Perhaps most importantly, the theme and mechanics have to match the level and type of humor involved. A heavy, thinky Euro is probably not going to be a great place to inject slapstick humor (but it might very well be an appropriate venue for a more subtle, "sophisticated" humor?). Similarly, a casual family game that presents itself too seriously - imagine a grimdark adventure game for kids! - is a poor fit.
When it came to Infamous, I tried to let the humor come naturally. After I made a critical decision (between v1 and v2) to enhance the narrative element of the game, writing became a more central design component. There was going to be a LOT of flavor text in this game, and the purpose of it was to bring the characters to life and give the players a sense of living inside of a comic book. Each henchman and villain needed a description, so that it was easier for the players to develop feelings of attachment for their team. And perhaps most importantly, the contracts needed significant flavor text for Success and Fail states so that your actions in the game contributed to an overall narrative. Consider how important the flavor text is in games like Eldritch Horror. If you just conduct the skill rolls without immersing yourself in the story of what's happening, you miss out on so much of what the game is offering.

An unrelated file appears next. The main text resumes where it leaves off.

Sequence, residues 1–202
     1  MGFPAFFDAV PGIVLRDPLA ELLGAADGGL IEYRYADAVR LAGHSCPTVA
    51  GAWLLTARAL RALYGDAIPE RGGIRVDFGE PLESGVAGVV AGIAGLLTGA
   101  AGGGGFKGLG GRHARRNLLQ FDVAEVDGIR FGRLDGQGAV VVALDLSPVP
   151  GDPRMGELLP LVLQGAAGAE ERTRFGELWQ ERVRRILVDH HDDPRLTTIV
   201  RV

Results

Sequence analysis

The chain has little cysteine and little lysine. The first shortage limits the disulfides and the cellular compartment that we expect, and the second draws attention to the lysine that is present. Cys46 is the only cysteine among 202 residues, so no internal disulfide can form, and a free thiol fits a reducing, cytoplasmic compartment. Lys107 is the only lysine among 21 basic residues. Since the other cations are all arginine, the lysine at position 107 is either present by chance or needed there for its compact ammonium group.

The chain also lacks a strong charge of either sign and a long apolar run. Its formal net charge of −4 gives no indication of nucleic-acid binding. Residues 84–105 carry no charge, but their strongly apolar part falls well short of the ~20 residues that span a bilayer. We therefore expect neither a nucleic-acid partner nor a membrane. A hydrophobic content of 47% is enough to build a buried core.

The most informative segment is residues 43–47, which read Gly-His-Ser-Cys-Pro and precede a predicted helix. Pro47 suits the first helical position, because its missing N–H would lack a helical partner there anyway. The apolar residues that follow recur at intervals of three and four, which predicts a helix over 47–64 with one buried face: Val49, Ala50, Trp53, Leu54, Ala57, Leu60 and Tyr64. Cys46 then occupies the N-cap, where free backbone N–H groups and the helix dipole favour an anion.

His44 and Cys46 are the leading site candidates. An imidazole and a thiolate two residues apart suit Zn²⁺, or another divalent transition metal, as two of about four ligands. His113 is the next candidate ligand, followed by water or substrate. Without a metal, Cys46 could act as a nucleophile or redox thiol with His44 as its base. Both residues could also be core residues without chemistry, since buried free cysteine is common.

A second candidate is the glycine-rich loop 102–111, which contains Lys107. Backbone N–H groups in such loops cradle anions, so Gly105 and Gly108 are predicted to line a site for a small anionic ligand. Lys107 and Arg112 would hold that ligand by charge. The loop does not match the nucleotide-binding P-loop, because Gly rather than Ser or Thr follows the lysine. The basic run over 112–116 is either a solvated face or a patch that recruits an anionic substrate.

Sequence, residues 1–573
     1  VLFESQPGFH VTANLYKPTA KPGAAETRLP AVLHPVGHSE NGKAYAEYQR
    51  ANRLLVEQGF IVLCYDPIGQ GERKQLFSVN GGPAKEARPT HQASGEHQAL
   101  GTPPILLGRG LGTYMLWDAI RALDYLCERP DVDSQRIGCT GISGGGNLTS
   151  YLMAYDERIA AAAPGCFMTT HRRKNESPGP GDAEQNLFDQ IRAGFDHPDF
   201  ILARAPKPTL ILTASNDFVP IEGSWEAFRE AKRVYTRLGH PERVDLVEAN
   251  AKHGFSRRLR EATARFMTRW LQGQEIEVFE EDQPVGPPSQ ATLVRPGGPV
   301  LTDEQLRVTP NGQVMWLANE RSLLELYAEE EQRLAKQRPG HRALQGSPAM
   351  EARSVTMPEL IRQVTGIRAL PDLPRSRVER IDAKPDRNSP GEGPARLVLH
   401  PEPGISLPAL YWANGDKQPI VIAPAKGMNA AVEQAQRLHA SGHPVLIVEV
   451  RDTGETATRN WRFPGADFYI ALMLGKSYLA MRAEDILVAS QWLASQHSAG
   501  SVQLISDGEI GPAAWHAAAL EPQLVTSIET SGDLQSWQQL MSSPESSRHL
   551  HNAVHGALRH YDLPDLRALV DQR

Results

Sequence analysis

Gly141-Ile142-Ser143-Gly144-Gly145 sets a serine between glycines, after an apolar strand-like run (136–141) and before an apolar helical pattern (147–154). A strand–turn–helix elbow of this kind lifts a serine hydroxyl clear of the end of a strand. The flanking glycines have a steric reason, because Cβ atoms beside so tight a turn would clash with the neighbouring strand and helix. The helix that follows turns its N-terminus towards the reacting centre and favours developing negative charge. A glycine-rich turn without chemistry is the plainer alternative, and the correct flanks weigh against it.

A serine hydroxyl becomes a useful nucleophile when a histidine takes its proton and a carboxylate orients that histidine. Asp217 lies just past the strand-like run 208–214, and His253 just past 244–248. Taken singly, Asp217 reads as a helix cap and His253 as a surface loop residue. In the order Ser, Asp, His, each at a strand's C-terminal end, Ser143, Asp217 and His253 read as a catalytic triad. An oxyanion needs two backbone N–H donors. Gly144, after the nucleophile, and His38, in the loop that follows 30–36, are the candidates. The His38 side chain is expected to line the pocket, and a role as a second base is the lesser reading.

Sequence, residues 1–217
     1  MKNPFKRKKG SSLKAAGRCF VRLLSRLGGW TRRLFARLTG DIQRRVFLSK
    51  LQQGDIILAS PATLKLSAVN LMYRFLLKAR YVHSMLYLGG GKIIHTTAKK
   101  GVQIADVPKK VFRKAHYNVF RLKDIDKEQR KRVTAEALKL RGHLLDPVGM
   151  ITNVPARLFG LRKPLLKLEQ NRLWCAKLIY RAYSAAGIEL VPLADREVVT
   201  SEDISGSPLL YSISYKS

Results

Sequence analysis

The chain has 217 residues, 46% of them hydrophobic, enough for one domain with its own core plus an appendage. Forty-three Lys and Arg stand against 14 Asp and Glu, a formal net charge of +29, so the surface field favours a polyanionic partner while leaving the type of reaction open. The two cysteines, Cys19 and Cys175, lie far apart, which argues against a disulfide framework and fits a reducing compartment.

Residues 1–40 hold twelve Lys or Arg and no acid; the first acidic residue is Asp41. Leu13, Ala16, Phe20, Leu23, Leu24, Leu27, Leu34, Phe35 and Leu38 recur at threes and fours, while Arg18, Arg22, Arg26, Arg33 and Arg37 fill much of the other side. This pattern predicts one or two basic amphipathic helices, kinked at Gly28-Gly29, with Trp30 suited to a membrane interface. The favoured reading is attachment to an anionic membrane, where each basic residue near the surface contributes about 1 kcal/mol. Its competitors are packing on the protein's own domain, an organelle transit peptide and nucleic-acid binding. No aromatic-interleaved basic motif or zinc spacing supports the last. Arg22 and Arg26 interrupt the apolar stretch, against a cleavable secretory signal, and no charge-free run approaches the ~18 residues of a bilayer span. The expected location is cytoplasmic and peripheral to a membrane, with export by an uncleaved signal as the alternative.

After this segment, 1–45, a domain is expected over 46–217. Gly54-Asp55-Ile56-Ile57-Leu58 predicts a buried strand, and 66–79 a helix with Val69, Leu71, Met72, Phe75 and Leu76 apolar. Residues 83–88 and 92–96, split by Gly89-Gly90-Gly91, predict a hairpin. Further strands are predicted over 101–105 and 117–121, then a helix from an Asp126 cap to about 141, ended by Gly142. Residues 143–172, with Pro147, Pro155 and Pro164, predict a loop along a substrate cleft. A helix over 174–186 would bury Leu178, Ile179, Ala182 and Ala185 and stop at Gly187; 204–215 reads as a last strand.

So the question became: would the contracts be humorous, or would they take themselves fairly seriously? My natural inclination led me towards humorous. These were supervillains, after all - and they were engaging in periodically horrific acts within the game (kidnapping, domestic terrorism, subjugation of the entire planet, etc.). If these acts were taken too seriously, the game could fall flat or potentially be offensive. I ended up leaning more towards Despicable Me vs. Dark Knight.
Instead, contracts provided an opportunity for these villains and henchmen to fail spectacularly - in often hilarious ways. This had the added benefit of taking the edge off of contract failure. You almost want to see what happens if you fail a contract; the story is amusing, and the effects are often persistent (e.g., Injuries, Powers). Now you have a story to remember about that time your henchman was bit by genetically-modified sewer rats, or overdosed on super-fertility hormones.